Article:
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The history of casino laws and regulations in the UK

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Gambling has always been a part of civilisation, but prior to the 17th century, the concept was “chance” was unfounded. Many believed that there was no such thing as a random outcome, only an act of God. So, in ancient times, if you rolled a dice and it shows a six, this could’ve meant that the gods are looking upon you favorably.

However, from this, gambling began to evolve into that which we know today, and the concept of games of chance was developed. From the earliest forms of dice being used to communicate with higher forces, to enjoying your favourite games at a casino such as Griffon Casino online, for example. Join us as we discover the history of casino laws and regulations in the UK, so the next time you throw the dice or place your bets, you’ll know just how we got to where we are in the modern day.

Middle Ages

The Middle Ages are marked as the period of time roughly 1,000 years up to the rise of the Roman Empire. At this point, gambling was deemed a leisure activity, rather than a commercial opportunity. At the time, upper-class citizens would place bets on things like horses, cockfighting and chess, and eventually even card games in the 15th century. The lower class would wager on dice and games like Craps.

In 1190, King Richard noticed how popular gambling was becoming, so he introduced the first legislation to dictate who could gamble and how much. He decided that only noblemen could bet, and they could only gamble 20 shillings a day.

In 1399, King Richard II introduced laws to stop people spending money on dice games, and eventually restricted all gaming to non-work days in 1397. Henry VIII then put forward a new legislation, outlawing all gaming outside of the Royal Court on every day apart from Christmas and festivals.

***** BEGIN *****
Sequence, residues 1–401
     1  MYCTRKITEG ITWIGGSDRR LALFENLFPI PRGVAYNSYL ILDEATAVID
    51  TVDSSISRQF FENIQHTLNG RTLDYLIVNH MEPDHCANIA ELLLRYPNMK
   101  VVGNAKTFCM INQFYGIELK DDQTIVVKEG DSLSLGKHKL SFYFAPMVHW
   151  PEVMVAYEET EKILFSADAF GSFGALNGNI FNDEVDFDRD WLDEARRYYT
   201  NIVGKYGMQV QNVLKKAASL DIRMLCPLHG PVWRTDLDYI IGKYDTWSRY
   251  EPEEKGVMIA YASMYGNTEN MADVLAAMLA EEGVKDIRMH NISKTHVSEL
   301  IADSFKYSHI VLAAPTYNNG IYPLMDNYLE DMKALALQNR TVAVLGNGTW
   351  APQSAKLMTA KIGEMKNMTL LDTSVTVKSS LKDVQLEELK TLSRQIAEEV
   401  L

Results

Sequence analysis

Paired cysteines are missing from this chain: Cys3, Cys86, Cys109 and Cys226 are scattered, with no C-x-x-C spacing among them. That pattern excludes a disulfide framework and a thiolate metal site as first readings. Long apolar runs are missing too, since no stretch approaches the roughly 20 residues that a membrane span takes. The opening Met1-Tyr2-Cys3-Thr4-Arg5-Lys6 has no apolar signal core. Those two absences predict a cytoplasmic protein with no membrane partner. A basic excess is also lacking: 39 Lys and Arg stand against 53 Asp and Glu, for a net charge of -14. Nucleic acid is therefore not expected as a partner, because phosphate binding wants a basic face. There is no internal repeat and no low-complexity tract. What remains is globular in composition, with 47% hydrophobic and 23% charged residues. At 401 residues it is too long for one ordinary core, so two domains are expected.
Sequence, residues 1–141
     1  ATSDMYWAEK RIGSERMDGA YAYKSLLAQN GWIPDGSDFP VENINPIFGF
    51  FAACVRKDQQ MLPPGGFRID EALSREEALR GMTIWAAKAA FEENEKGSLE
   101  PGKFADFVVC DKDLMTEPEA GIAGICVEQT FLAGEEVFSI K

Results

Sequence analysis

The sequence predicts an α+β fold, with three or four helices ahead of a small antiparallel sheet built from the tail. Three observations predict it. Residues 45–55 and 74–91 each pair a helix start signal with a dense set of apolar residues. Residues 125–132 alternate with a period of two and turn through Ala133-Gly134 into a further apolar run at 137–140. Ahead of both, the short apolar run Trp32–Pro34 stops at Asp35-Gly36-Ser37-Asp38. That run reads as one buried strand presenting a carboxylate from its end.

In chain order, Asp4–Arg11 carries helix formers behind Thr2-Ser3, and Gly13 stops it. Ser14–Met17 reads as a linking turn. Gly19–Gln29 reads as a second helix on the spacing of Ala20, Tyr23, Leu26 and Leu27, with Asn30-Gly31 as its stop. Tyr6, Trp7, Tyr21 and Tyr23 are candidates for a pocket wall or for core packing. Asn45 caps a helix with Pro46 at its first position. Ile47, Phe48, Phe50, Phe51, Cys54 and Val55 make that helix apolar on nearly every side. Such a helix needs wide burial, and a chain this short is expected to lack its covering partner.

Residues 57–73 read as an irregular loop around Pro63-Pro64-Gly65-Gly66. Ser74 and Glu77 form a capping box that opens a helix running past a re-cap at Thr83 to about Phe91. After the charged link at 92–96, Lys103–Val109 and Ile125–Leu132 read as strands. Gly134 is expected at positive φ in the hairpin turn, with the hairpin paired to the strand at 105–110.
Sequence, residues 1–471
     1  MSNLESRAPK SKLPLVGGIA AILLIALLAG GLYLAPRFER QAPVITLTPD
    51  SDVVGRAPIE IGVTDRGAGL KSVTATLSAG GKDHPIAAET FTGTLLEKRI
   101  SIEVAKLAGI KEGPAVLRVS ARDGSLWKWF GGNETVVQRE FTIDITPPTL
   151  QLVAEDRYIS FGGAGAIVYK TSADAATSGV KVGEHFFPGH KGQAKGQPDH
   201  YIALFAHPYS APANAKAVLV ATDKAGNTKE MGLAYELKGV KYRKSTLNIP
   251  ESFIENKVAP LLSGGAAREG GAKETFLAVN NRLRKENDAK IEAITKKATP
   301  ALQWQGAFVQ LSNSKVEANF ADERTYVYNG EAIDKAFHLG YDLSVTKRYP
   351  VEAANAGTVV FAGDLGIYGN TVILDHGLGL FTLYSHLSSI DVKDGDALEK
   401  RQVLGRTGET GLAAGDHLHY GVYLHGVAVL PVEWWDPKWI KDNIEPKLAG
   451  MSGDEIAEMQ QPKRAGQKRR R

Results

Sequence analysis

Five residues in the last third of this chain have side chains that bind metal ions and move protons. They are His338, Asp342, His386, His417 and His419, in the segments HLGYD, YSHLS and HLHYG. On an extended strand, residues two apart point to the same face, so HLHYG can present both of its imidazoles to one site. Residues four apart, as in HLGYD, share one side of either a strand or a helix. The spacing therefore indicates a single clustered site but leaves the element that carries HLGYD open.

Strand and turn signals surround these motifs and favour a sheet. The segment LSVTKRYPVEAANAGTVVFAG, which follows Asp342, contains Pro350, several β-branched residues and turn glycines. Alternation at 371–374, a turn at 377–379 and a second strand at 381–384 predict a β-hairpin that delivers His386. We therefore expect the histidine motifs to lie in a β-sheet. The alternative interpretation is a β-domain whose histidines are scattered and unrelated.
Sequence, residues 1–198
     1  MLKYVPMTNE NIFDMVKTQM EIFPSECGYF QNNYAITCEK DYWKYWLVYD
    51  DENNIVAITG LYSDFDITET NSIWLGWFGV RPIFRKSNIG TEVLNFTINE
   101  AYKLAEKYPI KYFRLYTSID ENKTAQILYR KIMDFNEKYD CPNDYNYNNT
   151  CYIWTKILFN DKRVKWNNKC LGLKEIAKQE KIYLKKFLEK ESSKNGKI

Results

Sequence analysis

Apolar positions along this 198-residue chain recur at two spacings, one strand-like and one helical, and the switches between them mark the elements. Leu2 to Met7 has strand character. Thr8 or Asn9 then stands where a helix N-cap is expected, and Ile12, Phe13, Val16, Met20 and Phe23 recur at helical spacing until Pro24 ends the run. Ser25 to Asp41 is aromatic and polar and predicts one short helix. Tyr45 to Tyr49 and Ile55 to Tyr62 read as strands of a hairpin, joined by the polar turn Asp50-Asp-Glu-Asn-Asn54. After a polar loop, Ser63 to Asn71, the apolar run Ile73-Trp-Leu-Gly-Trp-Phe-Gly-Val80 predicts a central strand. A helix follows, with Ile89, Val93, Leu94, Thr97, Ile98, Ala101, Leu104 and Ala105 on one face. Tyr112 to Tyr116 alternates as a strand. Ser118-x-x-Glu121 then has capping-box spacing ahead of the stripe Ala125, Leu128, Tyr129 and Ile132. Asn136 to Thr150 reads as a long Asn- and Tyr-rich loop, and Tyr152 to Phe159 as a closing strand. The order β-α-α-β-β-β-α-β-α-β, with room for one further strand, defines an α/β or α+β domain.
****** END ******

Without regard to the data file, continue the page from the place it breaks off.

Lottery games

In the 17th century, Lotteries became popular, with thanks to Queen Elizabeth. The Queen drew up a Royal Charter for Lottery games in 1569, and another in 1585. The idea was to regulate gameplay, as many casino games were still being played underground’. The first of these Lotteries had a £5,000 prize pot and immunity from arrest for a petty crime. Following this, King James I granted the Virginia Company permission to hold a lottery to fund their settlements, and King Charles I held many to help finance London’s water supply.

In 1694, the first national lottery was authorised by Parliament. But not long after, in 1721, private lotteries were outlawed as the State sought to maximise its takings. At this time, Lotteries were used to deal state bonds, reduce debts and even raise funds for projects like Westminster Bridge and the British Museum. In 1823, Lotteries were outlawed yet again, due to speculation and outrage over riggings. It wasn’t until 1993 that another national lottery was held.

Horse racing

On top of this, horse racing continued to gain popularity throughout England, with The Chester Cup of 1512 making history as the first thoroughbred race in the country. By 1709, many courses dedicated to horse racing were up and running, and by 1722, as many as 122 towns and cities held races – spurring on the creation of the Gaming Act of 1739. Eventually Bookies sprung up on street corners.

It was also during the 17th century that France had carried Blackjack over to America, and many other casino games were gaining popularity, making their way over to the UK in time for the enforcement of The Gaming Act of 1845, which would declare all gambling contracts legally nullified and unenforceable, meaning that the State could remove themselves from involvement with issues surrounding gambling debt – placing the responsibility back on those who chose to bet.

The Betting Act of 1853, made it illegal to keep a place for betting, which meant that both these acts ban all forms of commercial gaming for the working class, apart from the unaffordable horse betting.

Modern day

In the 1998, The Gaming Act that was put in place paved the way for casinos as we know them, with laws being put in place to regulate gambling, rather than prohibit it – as it was clear that this would not be possible in the long run. The Licensing Act of 2003 and Gaming Act of 2005 changed the way casino gaming was thought about, which led to huge economic growth in the gaming industries.

This also ensured that online casinos would have full licensing from the UK Gambling Commission, which has only helped to build the players’ trust with the casino, causing the industry to continue to grow as a result.

Gambling can be addictive, please play responsibly.
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